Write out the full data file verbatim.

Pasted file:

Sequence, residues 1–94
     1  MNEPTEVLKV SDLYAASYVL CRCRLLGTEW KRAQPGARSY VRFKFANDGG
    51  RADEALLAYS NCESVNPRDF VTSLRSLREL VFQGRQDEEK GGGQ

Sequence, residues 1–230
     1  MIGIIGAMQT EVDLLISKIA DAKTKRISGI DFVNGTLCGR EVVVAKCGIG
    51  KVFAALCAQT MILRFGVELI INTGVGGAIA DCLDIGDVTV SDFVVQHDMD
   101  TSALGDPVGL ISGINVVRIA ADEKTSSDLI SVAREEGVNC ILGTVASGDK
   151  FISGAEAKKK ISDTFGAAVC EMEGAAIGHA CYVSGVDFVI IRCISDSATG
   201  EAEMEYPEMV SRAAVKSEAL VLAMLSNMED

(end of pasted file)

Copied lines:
Sequence, residues 1–94
     1  MNEPTEVLKV SDLYAASYVL CRCRLLGTEW KRAQPGARSY VRFKFANDGG
    51  RADEALLAYS NCESVNPRDF VTSLRSLREL VFQGRQDEEK GGGQ

Sequence, residues 1–230
     1  MIGIIGAMQT EVDLLISKIA DAKTKRISGI DFVNGTLCGR EVVVAKCGIG
    51  KVFAALCAQT MILRFGVELI INTGVGGAIA DCLDIGDVTV SDFVVQHDMD
   101  TSALGDPVGL ISGINVVRIA ADEKTSSDLI SVAREEGVNC ILGTVASGDK
   151  FISGAEAKKK ISDTFGAAVC EMEGAAIGHA CYVSGVDFVI IRCISDSATG
   201  EAEMEYPEMV SRAAVKSEAL VLAMLSNMED